On that trip Ushijima made time to visit the Peace Museum and attend a peace walking tour of war sites. “Of course, I didn’t tell anyone of my connection to the Battle of Okinawa,” he says. “But the guide noticed that my name differed from my grandfather’s by only one character. I felt as if I had been discovered.” He saw the actual written orders his grandfather had made for his troops to fight to the end and to sacrifice their lives through suicide attacks, even though their defeat had already been sealed. He saw the underground bunker at Mabuni, at the extreme southern end of the island, where his grandfather himself committed suicide as US forces closed in on June 22, 1945. “I realized that it was time for me to learn more about my grandfather, and I began spending more time in Okinawa,” he says. “I want people to understand the terrible unnecessary human loss of life that occurred because of my grandfather’s orders.”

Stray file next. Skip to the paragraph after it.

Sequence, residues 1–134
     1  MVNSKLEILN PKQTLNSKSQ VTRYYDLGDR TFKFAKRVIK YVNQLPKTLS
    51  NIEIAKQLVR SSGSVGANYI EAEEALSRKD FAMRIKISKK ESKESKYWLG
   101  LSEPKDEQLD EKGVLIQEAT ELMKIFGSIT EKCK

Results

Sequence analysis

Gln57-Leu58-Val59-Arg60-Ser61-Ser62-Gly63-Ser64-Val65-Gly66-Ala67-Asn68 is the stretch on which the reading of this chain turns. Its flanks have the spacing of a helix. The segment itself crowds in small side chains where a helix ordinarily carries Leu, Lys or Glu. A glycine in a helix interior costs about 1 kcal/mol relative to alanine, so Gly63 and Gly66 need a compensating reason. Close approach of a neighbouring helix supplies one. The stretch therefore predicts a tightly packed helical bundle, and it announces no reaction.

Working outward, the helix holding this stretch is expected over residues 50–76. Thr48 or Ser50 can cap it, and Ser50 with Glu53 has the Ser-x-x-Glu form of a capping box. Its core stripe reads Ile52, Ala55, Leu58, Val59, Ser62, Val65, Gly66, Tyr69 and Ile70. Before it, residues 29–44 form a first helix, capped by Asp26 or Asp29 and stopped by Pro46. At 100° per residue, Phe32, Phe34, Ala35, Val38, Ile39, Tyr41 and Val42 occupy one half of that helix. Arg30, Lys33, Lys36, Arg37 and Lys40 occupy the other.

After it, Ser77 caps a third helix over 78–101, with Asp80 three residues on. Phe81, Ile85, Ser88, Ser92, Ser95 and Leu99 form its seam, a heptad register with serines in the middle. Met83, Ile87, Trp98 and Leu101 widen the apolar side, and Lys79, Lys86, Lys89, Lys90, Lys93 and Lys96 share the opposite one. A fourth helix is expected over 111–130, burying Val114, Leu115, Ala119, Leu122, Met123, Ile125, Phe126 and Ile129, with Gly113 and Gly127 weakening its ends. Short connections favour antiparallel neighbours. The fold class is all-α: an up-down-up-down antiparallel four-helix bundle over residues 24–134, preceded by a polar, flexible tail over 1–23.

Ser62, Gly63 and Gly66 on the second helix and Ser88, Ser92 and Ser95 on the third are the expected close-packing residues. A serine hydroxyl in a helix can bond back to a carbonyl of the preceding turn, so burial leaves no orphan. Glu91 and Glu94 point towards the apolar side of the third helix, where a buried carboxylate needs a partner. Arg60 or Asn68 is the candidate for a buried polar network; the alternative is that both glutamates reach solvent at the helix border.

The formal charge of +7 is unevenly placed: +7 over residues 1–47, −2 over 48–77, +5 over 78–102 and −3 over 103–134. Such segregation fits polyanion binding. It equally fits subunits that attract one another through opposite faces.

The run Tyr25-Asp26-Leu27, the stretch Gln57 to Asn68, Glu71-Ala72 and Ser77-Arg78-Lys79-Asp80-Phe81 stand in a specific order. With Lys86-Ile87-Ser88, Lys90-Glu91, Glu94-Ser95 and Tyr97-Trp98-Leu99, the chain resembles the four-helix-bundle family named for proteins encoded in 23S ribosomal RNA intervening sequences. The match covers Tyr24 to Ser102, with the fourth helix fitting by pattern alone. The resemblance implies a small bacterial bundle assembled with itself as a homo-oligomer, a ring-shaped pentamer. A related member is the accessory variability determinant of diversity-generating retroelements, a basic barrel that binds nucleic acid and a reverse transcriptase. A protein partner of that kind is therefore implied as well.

More than 75 years have passed since the Battle of Okinawa, but that has made this reckoning more urgent, not less. As Hojun Kakinohana put it, “The human lessons we can learn from this headquarters are vastly more important than what Shuri Castle has to teach us. It’s about the value of life and the uselessness of war. I’m in a hurry to see it reopened and hope it will be designated a world negative heritage site. There are not many of us who experienced that war left to tell our stories. We’ll be gone soon. So I’m in a hurry.”